May 13, 2020
It's no secret to anyone that I am a massive fan of the Surface line. So when the Surface Go was announced, I waited patiently for the LTE version to be released in Australia before immediately purchasing.
The only thing like it at the time was the Samsung Galaxy Book 10.6, and sure it's Core m3 processor was more capable than the Surface Go, however the machine was worse in every other way.
Having recently got my first iPad, an iPad Pro 11" for app development, the Surface Go has almost the same footprint, and with the keyboard cover, is thinner, lighter, and more capable than the 11" iPad Pro.
However when you started looking at the Surface Go, there were a number of small changes that could be made for a big improvement.
In comes the Surface Go 2, which addresses a few of these areas. It's the perfect companion device for people in the Microsoft ecosystem.
- Screen size
Surface Go had massive 17 mm bezels, noticeably larger than the 14 mm bezel on the Surface Pro line
Surface Go 2 addresses this by going from a 10" to a 10.5" screen reducing these bezels to 13.5 mm brining it inline with the larger Surface Pro.
- More pixels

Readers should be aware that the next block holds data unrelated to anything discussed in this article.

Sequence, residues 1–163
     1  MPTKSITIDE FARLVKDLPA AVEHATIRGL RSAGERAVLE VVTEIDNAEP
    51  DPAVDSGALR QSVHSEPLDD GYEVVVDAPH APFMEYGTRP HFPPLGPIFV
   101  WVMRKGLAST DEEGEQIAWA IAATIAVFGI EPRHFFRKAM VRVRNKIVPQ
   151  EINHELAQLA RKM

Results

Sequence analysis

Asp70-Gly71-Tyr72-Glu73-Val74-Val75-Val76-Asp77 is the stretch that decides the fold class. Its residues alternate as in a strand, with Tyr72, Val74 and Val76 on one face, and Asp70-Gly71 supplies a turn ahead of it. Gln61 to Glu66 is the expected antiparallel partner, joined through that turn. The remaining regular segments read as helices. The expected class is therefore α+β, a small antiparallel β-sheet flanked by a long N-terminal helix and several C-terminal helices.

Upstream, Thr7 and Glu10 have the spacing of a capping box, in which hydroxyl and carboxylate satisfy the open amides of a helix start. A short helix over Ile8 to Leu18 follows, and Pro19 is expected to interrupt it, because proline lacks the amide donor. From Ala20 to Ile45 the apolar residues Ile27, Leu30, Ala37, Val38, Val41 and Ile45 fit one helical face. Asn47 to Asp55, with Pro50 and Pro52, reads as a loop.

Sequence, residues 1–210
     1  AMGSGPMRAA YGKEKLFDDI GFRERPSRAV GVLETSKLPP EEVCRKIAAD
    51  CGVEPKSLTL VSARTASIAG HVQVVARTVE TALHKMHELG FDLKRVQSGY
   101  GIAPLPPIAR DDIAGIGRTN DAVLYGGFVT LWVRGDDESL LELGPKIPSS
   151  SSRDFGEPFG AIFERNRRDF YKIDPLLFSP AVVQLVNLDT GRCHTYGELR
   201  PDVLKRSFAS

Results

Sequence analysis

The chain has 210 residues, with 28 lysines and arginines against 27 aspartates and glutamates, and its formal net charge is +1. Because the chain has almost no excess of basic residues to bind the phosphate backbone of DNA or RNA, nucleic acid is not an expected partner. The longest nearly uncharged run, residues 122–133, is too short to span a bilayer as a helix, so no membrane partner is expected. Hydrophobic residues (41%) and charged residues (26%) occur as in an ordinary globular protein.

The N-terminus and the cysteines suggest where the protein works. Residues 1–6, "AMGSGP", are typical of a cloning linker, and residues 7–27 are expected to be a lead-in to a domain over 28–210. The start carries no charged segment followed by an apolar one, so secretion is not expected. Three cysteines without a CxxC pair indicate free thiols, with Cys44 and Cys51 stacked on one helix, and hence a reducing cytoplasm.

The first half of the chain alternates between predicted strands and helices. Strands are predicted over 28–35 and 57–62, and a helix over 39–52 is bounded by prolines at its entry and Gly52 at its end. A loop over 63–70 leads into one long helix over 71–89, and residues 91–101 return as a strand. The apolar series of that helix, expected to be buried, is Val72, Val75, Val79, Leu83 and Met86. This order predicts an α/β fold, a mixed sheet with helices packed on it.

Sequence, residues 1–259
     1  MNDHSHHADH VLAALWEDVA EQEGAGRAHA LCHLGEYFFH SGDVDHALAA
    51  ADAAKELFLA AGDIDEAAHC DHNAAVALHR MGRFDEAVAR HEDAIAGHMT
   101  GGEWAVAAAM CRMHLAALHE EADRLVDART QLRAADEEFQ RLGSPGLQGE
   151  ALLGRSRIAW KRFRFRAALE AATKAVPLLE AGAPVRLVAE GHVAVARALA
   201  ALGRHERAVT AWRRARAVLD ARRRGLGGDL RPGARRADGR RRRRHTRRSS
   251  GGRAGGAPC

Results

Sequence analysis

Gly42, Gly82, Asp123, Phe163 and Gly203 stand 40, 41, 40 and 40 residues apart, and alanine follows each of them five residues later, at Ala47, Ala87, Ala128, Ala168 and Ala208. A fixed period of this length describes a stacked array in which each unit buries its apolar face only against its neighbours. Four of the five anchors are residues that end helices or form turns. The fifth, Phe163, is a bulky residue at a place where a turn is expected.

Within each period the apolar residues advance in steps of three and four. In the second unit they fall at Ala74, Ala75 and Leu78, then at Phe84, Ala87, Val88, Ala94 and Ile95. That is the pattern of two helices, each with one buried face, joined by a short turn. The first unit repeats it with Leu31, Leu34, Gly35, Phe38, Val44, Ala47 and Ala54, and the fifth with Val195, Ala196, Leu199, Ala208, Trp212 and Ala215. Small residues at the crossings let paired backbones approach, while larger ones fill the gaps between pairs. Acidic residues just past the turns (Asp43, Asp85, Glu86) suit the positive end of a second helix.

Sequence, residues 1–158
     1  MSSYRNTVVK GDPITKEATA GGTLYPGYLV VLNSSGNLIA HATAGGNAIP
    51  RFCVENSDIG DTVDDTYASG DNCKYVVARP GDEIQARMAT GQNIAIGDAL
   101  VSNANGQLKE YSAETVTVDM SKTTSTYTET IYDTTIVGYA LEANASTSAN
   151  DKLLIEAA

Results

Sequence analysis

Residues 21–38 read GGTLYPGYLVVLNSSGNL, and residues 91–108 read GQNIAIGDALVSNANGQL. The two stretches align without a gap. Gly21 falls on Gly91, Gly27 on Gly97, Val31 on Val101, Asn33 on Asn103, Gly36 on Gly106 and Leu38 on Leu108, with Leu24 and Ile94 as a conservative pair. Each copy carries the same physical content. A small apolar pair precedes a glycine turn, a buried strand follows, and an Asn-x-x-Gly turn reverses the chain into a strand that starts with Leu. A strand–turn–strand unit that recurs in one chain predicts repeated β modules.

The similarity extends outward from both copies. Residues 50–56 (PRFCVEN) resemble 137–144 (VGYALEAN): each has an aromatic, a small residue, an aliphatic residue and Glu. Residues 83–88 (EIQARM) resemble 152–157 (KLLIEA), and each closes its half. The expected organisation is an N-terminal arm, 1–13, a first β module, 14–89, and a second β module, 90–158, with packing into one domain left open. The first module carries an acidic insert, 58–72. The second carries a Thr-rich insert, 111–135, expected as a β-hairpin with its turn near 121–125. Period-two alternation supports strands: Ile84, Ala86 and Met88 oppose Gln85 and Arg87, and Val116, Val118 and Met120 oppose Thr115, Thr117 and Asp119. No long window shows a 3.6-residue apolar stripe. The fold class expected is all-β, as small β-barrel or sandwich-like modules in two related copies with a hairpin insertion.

The larger screen brought with it a 1920x1280 screen while keeping the same PPI as both Surface Go and Surface Pro
While the base SKU keeps the Pentium Gold processor, there is now a higher SKU featuring a Core m3 processor that's still good enough for a companion device, or for less demanding uses such as education and industry line workers.
This is the one area that doesn't seem improved. Adding a camera light would have been very welcome. Surface Go will find it's way into more industry line work if it matches the iPad by including a camera light. With none of the Surface devices have a camera light, it's clear the intended use case is taking photos of whiteboard sessions with OneNote.
Content creators will get frustrated with the low end specs, however with a 10.5" screen, the Surface Go 2 is a portable productivity machine, more than capable of web browsing, office work, and some light coding or light content creation. Compiling and rendering will take slightly longer, but this little machine is fully capable of crunching through all of it thanks to the x86 Intel CPU.
Overall the Surface Go 2 looks like a nice iterative improvement on the nicest small Windows computer you can currently buy.